Ranavirus Effects on Metamorphic Salamander Body Condition and Growth in Created Wetlands

Kelsey M. Low, Christopher A. Phillips, Matthew C. Allender, William E. Peterman, John A. Crawford, Andrew R. Kuhns

Research output: Contribution to conferencePoster

Abstract

Ranaviruses are infectious pathogens which contribute to global amphibian declines. We happened upon a natural field experiment in which a ranavirus outbreak occurred in two of four fenced ephemeral wetlands. We monitored constructed wetlands in east-central Illinois, detecting ~90% of amphibian movement from February 21 to July 7, 2017. In April and May, a ranavirus outbreak removed 100% of Wood Frog (Rana sylvatica) and >90% of Silvery Salamander (Ambystoma platineum) larvae from two wetlands, creating an “exposed” group of individuals which survived, and an “unexposed” group of individuals from wetlands where there was no outbreak. We held up to twelve Silvery Salamander metamorphs from each pond in growth chambers to monitor the body condition index (BCI), survival, and daily growth rates. These parameters were then compared between the exposed and unexposed groups with a Student’s t-test. The exposed group had significantly better BCI scores than the unexposed group (PP=0.468). We propose that complete removal of Wood Frogs via ranavirus infections removed the interspecific competition between Wood Frog and Chorus Frog tadpoles (Pseudacris maculata) allowing the latter species to increase in size and abundance relative to those in unexposed wetlands. The increased prey availability (Chorus Frogs) likely benefited the predatory Silvery Salamanders by decreasing intraspecific competition for prey. These findings highlight the need to understand long-term effects of ranavirus on community composition, as recurring outbreaks will affect recruitment differently among amphibian species within a community.
Original languageEnglish (US)
StatePublished - 2018
Event2018 Midwest Fish and Wildlife Conference - Milwaukee, United States
Duration: Jan 28 2018Jan 31 2018
Conference number: 78

Conference

Conference2018 Midwest Fish and Wildlife Conference
CountryUnited States
CityMilwaukee
Period1/28/181/31/18

Fingerprint

Ranavirus
salamanders and newts
body condition
wetlands
amphibians
frogs
Ambystoma
constructed wetlands
intraspecific competition
tadpoles
interspecific competition
growth chambers
long term effects
Rana sylvatica
pathogens
larvae
infection

Keywords

  • INHS

Cite this

Low, K. M., Phillips, C. A., Allender, M. C., Peterman, W. E., Crawford, J. A., & Kuhns, A. R. (2018). Ranavirus Effects on Metamorphic Salamander Body Condition and Growth in Created Wetlands. Poster session presented at 2018 Midwest Fish and Wildlife Conference, Milwaukee, United States.

Ranavirus Effects on Metamorphic Salamander Body Condition and Growth in Created Wetlands. / Low, Kelsey M.; Phillips, Christopher A.; Allender, Matthew C.; Peterman, William E.; Crawford, John A.; Kuhns, Andrew R.

2018. Poster session presented at 2018 Midwest Fish and Wildlife Conference, Milwaukee, United States.

Research output: Contribution to conferencePoster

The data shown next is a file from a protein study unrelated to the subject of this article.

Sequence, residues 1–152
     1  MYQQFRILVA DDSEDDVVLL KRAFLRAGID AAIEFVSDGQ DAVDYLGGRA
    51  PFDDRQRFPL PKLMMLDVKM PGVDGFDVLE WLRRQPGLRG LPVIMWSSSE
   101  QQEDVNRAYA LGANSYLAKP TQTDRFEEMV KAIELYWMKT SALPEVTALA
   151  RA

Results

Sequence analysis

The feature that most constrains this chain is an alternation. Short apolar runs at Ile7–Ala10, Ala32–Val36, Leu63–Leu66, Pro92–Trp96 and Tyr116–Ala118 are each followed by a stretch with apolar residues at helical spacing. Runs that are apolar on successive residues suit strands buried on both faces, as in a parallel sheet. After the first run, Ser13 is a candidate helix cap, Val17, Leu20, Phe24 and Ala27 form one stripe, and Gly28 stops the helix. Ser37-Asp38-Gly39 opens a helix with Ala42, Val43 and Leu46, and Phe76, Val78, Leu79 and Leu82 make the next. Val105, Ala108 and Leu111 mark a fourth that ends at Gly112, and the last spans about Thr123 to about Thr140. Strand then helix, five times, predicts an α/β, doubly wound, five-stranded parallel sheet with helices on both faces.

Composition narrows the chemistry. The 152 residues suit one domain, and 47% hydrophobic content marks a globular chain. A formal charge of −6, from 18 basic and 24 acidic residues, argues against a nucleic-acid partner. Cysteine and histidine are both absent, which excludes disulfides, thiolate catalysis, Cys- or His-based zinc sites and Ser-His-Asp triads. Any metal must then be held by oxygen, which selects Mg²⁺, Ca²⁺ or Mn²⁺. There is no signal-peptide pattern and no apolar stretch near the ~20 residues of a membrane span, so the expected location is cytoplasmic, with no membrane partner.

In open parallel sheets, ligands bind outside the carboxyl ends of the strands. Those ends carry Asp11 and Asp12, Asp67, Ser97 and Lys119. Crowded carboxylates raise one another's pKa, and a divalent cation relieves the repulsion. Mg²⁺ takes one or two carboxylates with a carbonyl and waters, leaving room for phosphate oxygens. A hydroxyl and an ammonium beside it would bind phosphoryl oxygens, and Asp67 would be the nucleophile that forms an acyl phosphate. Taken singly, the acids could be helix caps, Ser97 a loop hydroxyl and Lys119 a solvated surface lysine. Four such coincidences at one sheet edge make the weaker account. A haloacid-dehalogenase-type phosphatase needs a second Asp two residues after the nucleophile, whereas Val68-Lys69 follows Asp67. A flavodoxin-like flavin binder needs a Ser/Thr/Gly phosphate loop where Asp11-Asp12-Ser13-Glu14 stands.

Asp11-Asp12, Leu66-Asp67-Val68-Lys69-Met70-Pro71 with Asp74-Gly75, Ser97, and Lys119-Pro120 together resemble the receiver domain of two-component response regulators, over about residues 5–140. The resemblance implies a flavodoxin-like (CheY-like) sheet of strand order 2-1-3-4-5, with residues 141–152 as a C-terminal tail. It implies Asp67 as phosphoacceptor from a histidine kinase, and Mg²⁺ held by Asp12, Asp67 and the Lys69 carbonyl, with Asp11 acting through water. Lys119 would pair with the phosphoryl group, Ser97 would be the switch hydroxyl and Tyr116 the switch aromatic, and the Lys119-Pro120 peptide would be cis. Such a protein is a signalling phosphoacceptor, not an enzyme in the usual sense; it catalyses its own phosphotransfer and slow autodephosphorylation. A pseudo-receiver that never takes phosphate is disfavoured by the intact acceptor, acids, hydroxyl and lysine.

Low, KM, Phillips, CA, Allender, MC, Peterman, WE, Crawford, JA & Kuhns, AR 2018, 'Ranavirus Effects on Metamorphic Salamander Body Condition and Growth in Created Wetlands' 2018 Midwest Fish and Wildlife Conference, Milwaukee, United States, 1/28/18 - 1/31/18, .
Low KM, Phillips CA, Allender MC, Peterman WE, Crawford JA, Kuhns AR. Ranavirus Effects on Metamorphic Salamander Body Condition and Growth in Created Wetlands. 2018. Poster session presented at 2018 Midwest Fish and Wildlife Conference, Milwaukee, United States.
Low, Kelsey M. ; Phillips, Christopher A. ; Allender, Matthew C. ; Peterman, William E. ; Crawford, John A. ; Kuhns, Andrew R. / Ranavirus Effects on Metamorphic Salamander Body Condition and Growth in Created Wetlands. Poster session presented at 2018 Midwest Fish and Wildlife Conference, Milwaukee, United States.
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AB - Ranaviruses are infectious pathogens which contribute to global amphibian declines. We happened upon a natural field experiment in which a ranavirus outbreak occurred in two of four fenced ephemeral wetlands. We monitored constructed wetlands in east-central Illinois, detecting ~90% of amphibian movement from February 21 to July 7, 2017. In April and May, a ranavirus outbreak removed 100% of Wood Frog (Rana sylvatica) and >90% of Silvery Salamander (Ambystoma platineum) larvae from two wetlands, creating an “exposed” group of individuals which survived, and an “unexposed” group of individuals from wetlands where there was no outbreak. We held up to twelve Silvery Salamander metamorphs from each pond in growth chambers to monitor the body condition index (BCI), survival, and daily growth rates. These parameters were then compared between the exposed and unexposed groups with a Student’s t-test. The exposed group had significantly better BCI scores than the unexposed group (PP=0.468). We propose that complete removal of Wood Frogs via ranavirus infections removed the interspecific competition between Wood Frog and Chorus Frog tadpoles (Pseudacris maculata) allowing the latter species to increase in size and abundance relative to those in unexposed wetlands. The increased prey availability (Chorus Frogs) likely benefited the predatory Silvery Salamanders by decreasing intraspecific competition for prey. These findings highlight the need to understand long-term effects of ranavirus on community composition, as recurring outbreaks will affect recruitment differently among amphibian species within a community.

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